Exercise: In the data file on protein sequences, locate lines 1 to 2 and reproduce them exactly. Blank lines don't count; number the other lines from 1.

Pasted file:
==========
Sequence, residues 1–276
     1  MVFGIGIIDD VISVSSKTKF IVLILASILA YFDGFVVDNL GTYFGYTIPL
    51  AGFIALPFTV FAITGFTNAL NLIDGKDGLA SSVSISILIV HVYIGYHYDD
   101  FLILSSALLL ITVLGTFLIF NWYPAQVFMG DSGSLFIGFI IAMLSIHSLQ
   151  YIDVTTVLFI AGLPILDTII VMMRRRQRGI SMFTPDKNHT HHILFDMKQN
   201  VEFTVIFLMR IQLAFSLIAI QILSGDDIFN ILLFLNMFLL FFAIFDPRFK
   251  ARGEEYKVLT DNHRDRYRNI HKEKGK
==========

Sequence, residues 1–276
     1  MVFGIGIIDD VISVSSKTKF IVLILASILA YFDGFVVDNL GTYFGYTIPL